The overall market sentiment is risk-on. The S&P 500 index (US 500) is getting close to the all-time high. Oil is recovering quickly from its recent losses.
NZD: will it see an upsurge?
New Zealand’s quarterly employment change and unemployment rate indicators are coming today, at 23:45 MT time. Same as NFP for the US, they are central in reflecting the pace of economic expansion in the country. That’s why these releases affect the NZD, which may be traded with NZD/USD, NZD/JPY, NZD/CHF, and NZD/CAD.
Higher employment and lower unemployment rates indicate more workplaces created in the industry and more people successfully obtaining them. Generally, it results from more demand for work within the industry, which in turn comes from a brighter outlook and more expansive plans on behalf of the businessmen and investors. These are affected by macroeconomic factors and reflect the economic status of the country as a whole.
Business owners adjust their plans according to the predicted customer demand and other economic factors, internal to the country. These are the people who have first-hand information about how things are going in the industry. Hence, the change in their plans is the first thing to react to favorable or unfavorable internal economic environment.
Better-than-expected job data reflects the better-than-thought business outlook on behalf of the business owners. That, in turn, creates more-than-expected demand for the corresponding currency in expectation of stronger business performance in the future. Then, the market works on it as a self-propelling mechanism, unless and until negative factual performance or pessimistic outlooks are reported later on. Therefore, strong jobs data pushes the currency up, and the weak one drags it down.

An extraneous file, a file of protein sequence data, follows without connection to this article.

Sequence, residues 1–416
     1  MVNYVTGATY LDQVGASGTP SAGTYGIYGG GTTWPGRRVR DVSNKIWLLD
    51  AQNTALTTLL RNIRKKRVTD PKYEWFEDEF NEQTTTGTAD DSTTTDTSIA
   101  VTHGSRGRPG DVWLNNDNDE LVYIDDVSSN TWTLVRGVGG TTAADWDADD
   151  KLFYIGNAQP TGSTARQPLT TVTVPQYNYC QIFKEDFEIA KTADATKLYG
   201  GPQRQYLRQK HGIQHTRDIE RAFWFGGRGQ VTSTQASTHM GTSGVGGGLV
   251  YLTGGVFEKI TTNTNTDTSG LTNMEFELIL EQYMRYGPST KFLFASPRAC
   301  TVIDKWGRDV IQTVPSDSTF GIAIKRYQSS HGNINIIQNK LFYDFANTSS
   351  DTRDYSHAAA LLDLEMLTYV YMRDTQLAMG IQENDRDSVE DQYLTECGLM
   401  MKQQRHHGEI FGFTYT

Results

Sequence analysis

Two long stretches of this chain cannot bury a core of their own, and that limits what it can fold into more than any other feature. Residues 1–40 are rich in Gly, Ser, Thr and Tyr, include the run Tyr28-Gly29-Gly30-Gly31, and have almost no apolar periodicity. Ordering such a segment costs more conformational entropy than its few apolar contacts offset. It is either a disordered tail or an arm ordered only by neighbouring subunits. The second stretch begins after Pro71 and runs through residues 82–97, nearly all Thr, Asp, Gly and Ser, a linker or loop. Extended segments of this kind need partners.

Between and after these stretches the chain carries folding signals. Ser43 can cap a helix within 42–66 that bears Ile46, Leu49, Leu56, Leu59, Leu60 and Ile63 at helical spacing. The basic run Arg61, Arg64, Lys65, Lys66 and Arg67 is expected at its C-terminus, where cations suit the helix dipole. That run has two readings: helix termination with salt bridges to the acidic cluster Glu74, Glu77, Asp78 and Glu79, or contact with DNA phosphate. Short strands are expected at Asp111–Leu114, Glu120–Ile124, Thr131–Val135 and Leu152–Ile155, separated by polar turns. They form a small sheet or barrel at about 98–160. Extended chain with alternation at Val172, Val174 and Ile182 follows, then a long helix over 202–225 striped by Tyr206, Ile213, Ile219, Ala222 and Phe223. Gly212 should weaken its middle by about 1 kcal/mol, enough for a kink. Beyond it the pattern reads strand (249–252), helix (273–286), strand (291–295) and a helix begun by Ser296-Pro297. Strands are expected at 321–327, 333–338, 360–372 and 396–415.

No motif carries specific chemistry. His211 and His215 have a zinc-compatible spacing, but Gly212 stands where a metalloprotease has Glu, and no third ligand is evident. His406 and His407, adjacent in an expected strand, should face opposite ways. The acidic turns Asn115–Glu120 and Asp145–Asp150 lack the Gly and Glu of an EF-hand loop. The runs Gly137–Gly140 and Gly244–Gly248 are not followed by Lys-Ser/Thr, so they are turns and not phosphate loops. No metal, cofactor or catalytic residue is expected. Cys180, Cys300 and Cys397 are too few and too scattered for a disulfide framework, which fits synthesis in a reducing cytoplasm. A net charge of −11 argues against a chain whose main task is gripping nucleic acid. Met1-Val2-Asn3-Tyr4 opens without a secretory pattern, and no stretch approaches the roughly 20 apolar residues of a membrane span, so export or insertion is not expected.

The last data was provided with reference to the Q3 of 2019 in the labor market. The employment rate was at 4.2%, coming a bit higher than the forecast of 4.1%. The employment change was at 0.2%, undershooting the expected 0.3%. Coming as weaker than thought, this jobs data dragged the NZD down a bit, but the overall reaction of the currency was limited and did not see any major trend change.
This time, the forecast is 4.2% for the unemployment rate and 0.2% for the employment change. If the indicator is better than this, the NZD should get stronger against its counterparts. Otherwise, it will drop. The extent of the reaction will be defined by how far away the factual levels will be from those expected by the market. LOG IN
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